In the development sector, supported by the international aid architecture, the power scale is tipped in favour of organisations that have the right connections with aid bilaterals and multilaterals, and foundations that can absorb millions of dollars.
The system favours those who write dazzling proposals with the right terminology, present excellent narrative and financial reports from their sophisticated monitoring and evaluation systems, in accordance with the log-frame and theory of change presented to donors. Those who have high visibility and have an impressive website, who demonstrate an imposing presence within their context and their scope of operations. Those that function as a business.
Money is power
This is the celebrated anatomy of the successful NGO or INGO. They survive and thrive within the development sector. They get the money.
There is a saying in twi, one of the languages in Ghana: sika ye mogya, meaning “money is blood”. This saying depicts the power of money as a life source. For many organisations in the development sector, it is.
But it also means that it is a “dog eat dog” environment for organisations in the global south as well as the global north. It is the survival of the fittest where you have to play up to the hand that feeds you and dim the light of your competitors. As Barry Knight puts it, it’s all about egos, logos and silos.
To be able to make it, one has to learn the game and be good at it. One must fit into the square box of the international donor by cutting off or squeezing in your rounded edges, even if your mission is circular. NGOs in the global south are predominantly dependent on foreign donor funding and many would not exist without it.
They are mainly accountable to the hand that feeds them for the delivery of their mission. They are forced to dance to the tune that foreign donors play. They are bereft of power in many ways.
Taking a hard look
But… should that be the motivation for an organisation’s existence or the determinant of that existence? Should it not be for the constituency whose problems the organisation exists to help solve? How much of a say does that community have in the solution to their problems and the organisation’s relevance in solving them? What ownership do they have in the ways devised to solve those problems? How do they identify with the organisation? Wherein lies their agency and their participation in solving their problems? Do they see the organisation’s agenda as one that is of mutual benefit? Who plays the tune and who dances to it?
We need to answer these questions if we truly want to shift power within the development space. The answers will determine the form organisations take and their support base. It will determine their relevance and legitimacy. It will determine their resource base, what resources and whose. It will determine their sustainability and effectiveness. It will determine what is true and sustainable development.
Success beyond Western models
The Western organisational model may no longer be the benchmark for successful organisations. We need to look at models from the global south of indigenous community groups that have been effective and learn how they have done it.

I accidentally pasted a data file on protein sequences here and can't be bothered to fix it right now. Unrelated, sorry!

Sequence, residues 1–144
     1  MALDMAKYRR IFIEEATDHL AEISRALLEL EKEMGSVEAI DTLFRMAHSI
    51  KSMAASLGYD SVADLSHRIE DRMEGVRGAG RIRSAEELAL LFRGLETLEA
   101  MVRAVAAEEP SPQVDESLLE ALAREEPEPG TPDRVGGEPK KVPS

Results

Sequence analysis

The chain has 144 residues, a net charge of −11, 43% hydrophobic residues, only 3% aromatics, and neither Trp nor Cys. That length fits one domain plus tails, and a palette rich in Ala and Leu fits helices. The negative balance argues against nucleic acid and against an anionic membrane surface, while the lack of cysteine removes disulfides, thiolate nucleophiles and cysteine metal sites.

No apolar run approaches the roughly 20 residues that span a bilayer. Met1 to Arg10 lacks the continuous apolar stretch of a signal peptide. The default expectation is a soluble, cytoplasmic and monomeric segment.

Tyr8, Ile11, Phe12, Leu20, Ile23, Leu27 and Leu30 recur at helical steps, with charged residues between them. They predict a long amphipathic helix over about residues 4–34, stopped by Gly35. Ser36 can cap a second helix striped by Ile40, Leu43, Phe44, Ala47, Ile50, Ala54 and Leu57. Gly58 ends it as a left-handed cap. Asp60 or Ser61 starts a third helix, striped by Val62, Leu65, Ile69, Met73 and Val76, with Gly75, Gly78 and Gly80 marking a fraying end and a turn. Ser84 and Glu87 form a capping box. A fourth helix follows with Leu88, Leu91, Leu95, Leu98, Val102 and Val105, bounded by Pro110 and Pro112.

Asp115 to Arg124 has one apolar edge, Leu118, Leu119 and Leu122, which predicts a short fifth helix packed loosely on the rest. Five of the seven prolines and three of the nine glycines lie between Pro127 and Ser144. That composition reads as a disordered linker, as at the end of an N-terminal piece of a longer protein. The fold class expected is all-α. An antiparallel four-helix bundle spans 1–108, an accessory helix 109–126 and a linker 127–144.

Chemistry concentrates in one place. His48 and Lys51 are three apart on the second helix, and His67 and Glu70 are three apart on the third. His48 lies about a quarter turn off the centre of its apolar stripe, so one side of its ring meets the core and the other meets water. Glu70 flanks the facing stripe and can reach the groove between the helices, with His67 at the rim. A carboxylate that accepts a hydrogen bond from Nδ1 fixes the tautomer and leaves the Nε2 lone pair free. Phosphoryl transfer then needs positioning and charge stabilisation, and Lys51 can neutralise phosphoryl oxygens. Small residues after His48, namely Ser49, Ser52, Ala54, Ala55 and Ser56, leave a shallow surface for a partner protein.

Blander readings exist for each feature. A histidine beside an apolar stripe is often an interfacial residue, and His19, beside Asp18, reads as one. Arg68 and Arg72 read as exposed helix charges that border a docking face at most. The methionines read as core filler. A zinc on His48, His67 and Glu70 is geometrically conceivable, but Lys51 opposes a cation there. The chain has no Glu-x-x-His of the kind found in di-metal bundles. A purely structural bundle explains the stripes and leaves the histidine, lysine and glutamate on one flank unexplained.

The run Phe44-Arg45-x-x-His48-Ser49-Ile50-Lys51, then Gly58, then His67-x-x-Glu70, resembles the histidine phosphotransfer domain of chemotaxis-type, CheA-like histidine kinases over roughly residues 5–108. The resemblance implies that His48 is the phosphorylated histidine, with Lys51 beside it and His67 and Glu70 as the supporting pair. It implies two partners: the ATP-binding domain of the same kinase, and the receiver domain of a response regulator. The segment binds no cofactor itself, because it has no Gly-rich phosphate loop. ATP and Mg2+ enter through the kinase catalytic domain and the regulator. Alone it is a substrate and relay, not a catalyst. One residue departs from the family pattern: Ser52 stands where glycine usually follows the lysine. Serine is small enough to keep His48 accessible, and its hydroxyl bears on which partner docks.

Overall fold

We will have to reconsider what we value and place a lesser premium on money. Instead we should value other critical resources, like local/indigenous knowledge, time, human and material resources. The organisation with funding will no longer be the player with all the power.
Funding is still important, after all sika ye mogya, but the donor could be different because communities that own their development invest in it. The piper would take a very different shape and form, where communities lead their own development.
The direction of accountability will change. This would mean that the matrix for measuring success would not be a Western log-frame model or an imported European model, but one that suits the context. It would surely mean shared power.
What we’re doing about it
Groups, individuals and development actors from different continents that are deeply concerned about the statusquo have been working to shift the power within their spaces and contexts. In March 2019, a Shift the Power manifesto was released, based on this philosophy.
Under the auspices of the Global Fund for Community Foundations (GFCF) several kindred spirits within this movement met for two days in November 2019 in London, and proposed to move beyond the rhetoric and bring about that needed shift. Key principles agreed included the following:
ensure that it remains a “shift the power movement and not a shift the power industry”
remain inclusive and foster growth
focus on the relational instead of the transactional
build solidarity across continents, interests and organisations by overcoming the ego, logo and silo mentality
hold each other accountable.
It demanded boldness. It called for introspection and a look within self, organization and mission-getting out of one’s comfort zone to probe vested interests. Specific actions to be undertaken were to re-examine capacity-building within the development space, value local assets and the power of communities, mobilize local resources, re-configure measuring indices for success, re-imagine the INGO, address racism and neo-colonialism head on, hold donors accountable, and continue to create and encourage such rare spaces for honest reflection and action planning for the needed change.
Back to the measuring scale, if we want to remain true to the mission of sustainable development, we all have a responsibility to push that marker in whatever ways we can to balance the power.
Published on bond.org.uk